Hyunju Kim is a South Korean artist currently living and working in Portland, Oregon. She is pursuing an MFA in Contemporary Art Studio Practice at Portland State University. Hyunju explores the relationship between the subconscious, dreams, and childhood memories in her surreal figurative paintings. She often pulls from her personal experiences, unpacking these events on the canvas to reveal their meaning.
Hyunju has participated in several exhibitions on the U.S.’s west coast, most recently at Parkside Gallery in Richland, Washington. She recently received an honorable mention at the Hillsboro Plein Air Plus art competition in Oregon. She is the winner of the Allied Arts Association MFA Visual Art competition and a recipient of Portland State University’s Laurel’s Graduate Award.
What are the major themes you pursue in your work?
My fundamental ideas are based on my own dreams and recurring nightmares. My dreams have been actively responding to personal childhood events and my own memories. In questioning dreams, I aim to reflect this idea by using repetition to structure in-painting processes to bring awareness regarding human beings’ subconscious and collective unconsciousness. The process of unfolding my own feelings of isolation and fear within the realm of an unconscious world through painting allows me to rethink the continual process in terms of a given location and cultural surroundings. Like dreaming, painting is also an undiscovered ocean. It is a mysterious world that I am very engaged in both physically and mentally, and its position is in between dream and expression. I speak about something that really touches me and I hope I convey this sense of feeling to viewers.
What was the best advice given to you as an artist?
There have been some moments when I’ve felt really frustrated and stuck, especially after a series ends when I had been thinking for a long period of time. One of my teachers said, “If you keep working, it doesn’t really matter what people from the outside world say about your work. But once you stop, you are screwed.” Since I began art school and followed art-related thinking processes at a relatively mature age (I received my BA in International Studies in South Korea and moved to the U.S. in 2008 when I started course studies in art), I took others’ comments and recommendations in a serious manner. Even though painting is my lifelong fascination, there is a point when I feel bad about my own process and work itself. Whenever those feelings arise, I try not to think too much about myself and rely on the painting itself.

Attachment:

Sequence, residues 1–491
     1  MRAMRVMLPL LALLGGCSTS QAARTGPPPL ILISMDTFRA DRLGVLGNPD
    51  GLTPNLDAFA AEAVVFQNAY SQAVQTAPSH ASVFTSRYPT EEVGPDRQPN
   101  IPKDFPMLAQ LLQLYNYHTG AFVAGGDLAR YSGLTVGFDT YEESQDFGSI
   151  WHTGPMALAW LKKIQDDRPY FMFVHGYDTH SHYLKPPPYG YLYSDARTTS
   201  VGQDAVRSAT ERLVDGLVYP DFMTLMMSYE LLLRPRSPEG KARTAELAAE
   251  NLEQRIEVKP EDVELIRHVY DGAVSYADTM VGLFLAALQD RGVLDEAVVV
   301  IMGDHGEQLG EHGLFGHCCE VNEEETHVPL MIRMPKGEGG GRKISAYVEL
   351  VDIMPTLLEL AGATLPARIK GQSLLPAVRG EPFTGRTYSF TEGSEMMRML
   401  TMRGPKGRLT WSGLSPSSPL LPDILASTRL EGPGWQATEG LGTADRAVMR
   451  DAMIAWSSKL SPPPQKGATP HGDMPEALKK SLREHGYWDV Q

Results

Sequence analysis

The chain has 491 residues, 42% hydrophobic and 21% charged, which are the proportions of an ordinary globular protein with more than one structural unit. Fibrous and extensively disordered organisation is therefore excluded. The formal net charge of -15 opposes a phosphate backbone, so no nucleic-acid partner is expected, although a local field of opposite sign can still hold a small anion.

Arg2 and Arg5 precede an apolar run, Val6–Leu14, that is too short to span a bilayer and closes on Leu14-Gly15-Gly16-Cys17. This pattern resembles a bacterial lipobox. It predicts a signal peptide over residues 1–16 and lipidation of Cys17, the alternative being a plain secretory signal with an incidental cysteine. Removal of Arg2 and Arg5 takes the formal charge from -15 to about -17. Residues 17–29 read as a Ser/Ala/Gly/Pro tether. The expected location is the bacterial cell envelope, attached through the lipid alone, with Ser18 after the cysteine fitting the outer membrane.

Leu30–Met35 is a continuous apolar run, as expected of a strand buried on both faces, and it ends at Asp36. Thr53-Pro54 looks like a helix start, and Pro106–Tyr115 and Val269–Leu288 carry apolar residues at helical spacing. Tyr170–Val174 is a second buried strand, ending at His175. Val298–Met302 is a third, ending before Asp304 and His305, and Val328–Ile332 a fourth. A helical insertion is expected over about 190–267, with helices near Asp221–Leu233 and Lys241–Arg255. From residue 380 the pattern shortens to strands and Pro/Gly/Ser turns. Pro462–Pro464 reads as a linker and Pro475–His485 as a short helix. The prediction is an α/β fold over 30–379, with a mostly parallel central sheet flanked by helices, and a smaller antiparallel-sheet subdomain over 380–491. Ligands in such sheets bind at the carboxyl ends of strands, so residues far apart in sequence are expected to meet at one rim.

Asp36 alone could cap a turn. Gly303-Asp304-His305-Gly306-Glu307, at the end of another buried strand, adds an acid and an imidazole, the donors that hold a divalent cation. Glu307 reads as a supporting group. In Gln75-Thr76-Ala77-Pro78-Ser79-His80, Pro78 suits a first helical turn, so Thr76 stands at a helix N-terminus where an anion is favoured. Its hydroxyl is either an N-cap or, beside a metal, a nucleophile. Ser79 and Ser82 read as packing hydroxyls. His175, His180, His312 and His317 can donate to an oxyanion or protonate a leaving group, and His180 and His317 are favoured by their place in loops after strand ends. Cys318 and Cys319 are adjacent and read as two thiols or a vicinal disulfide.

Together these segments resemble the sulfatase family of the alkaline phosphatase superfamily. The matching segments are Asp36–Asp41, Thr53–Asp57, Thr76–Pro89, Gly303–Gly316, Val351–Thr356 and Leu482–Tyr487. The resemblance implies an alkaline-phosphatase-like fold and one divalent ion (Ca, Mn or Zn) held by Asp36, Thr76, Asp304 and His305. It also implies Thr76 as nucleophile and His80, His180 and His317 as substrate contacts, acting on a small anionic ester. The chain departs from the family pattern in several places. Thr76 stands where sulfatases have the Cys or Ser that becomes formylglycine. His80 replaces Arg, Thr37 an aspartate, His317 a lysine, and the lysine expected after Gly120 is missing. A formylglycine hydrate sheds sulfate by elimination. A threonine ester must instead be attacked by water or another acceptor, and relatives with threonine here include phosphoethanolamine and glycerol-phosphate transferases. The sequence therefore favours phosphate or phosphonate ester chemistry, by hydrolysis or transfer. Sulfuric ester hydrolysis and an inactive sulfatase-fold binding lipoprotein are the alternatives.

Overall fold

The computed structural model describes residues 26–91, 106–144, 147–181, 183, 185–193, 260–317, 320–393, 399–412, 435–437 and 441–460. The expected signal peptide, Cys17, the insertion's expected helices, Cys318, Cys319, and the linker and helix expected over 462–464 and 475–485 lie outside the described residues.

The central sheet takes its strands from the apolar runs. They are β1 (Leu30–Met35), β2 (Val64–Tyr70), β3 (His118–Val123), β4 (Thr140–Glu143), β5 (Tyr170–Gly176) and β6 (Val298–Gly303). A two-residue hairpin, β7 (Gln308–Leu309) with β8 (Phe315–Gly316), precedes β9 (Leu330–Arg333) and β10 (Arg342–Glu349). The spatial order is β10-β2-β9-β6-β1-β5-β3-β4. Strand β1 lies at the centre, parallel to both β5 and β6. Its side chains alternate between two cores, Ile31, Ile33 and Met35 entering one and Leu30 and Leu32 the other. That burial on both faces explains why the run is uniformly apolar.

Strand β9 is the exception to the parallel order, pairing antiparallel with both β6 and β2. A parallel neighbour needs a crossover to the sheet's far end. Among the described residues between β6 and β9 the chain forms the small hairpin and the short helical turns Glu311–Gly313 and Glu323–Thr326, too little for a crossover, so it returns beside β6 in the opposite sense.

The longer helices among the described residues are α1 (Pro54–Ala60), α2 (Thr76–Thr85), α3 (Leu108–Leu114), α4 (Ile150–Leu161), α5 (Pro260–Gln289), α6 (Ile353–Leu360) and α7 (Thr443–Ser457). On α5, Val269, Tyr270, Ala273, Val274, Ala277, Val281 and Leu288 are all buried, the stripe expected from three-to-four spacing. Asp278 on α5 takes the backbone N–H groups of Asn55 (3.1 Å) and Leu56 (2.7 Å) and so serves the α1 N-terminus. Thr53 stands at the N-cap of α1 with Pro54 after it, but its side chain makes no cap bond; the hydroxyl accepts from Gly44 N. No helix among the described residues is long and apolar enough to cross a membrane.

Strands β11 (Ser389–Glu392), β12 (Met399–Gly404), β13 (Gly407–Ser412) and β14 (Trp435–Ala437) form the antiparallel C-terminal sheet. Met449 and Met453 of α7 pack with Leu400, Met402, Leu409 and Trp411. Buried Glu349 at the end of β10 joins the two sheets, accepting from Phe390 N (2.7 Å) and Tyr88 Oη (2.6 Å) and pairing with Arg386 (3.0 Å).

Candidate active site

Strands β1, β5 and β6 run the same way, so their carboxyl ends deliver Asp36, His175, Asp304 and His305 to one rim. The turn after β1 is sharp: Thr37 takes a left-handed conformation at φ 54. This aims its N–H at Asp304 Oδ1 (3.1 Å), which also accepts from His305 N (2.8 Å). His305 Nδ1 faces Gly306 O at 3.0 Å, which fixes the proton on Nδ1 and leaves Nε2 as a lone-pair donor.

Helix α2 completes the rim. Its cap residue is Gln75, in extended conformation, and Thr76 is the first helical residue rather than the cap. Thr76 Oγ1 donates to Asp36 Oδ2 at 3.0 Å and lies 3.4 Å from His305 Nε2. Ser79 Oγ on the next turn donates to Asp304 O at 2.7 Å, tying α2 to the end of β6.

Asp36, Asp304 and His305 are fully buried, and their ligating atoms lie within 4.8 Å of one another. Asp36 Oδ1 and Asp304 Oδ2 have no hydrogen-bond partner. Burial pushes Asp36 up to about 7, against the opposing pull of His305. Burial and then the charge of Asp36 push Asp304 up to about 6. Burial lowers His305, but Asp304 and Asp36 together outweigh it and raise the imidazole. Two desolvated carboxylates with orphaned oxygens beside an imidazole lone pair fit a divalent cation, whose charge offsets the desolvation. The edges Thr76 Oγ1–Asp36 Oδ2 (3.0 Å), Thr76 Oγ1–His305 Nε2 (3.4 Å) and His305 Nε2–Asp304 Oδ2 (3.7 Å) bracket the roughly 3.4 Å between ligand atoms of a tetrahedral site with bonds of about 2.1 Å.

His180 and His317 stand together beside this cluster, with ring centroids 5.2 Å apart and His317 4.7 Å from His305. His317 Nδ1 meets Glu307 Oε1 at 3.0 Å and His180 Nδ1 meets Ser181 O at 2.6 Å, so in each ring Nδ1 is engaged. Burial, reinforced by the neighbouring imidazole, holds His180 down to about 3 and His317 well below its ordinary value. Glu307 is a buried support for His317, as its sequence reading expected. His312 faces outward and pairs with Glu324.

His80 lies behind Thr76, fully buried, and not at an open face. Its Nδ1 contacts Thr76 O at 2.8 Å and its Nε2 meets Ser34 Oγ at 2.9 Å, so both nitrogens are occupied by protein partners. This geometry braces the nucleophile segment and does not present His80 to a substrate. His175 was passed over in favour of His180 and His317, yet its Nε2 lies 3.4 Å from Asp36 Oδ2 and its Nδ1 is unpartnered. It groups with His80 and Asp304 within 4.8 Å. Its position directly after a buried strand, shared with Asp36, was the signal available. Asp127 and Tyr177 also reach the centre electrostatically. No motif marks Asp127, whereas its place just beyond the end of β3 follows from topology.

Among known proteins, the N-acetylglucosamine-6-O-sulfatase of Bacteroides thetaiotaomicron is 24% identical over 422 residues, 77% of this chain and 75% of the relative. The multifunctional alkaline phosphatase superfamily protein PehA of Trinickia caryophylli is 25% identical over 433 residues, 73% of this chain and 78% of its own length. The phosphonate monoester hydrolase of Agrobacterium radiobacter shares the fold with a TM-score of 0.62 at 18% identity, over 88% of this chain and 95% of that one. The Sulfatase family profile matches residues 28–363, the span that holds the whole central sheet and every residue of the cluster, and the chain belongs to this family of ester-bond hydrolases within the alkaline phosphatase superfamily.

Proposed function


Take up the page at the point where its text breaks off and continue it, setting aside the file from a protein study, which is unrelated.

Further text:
Prefer to work with music or in silence?
It depends on my daily condition, mood, and the environment. Sometimes I have a feeling that there are only two things that exist in the world inside of my studio: the painting and a mere human being. In that very lucky moment, I don’t need anything. Only a nonverbal and very quiet staring dialogue exists between me and the painting. I personally prefer that period of time. But I don’t expect those moments every day since I share the studios with other colleagues and sometimes I have to wear my earphones. When I listen to music, I pretty much listen to everything from classical to hip-hop using Pandora and Podcasts.
If you could only have one piece of art in your life, what would it be?
This is a tricky question. It seems there is no difference between what you love and what you want to have, but there is a significant difference, right? I would like to have one unfinished drawing by Georges Seurat.
Who are your favorite writers?
I used to read Korean, Japanese, and French essays and novels a lot. Albert Camus is probably located on the top of the list. His writing, in my opinion, is extremely solid, strong, strange, simple, and beautiful. I see Youngha Kim, Yeonsu Kim, Monk Beopeong, Raymond Carver, and Gengi Maruyama’s novels and essays on my bookcase currently. Ever since I started a graduate program last year, I have been reading a lot of philosophy, theory, art history, contemporary art, and artist interviews. Sigmund Freud, Jacques Lacan, Hal Foster, Marlene Dumas, and Roni Horn are really great writers too.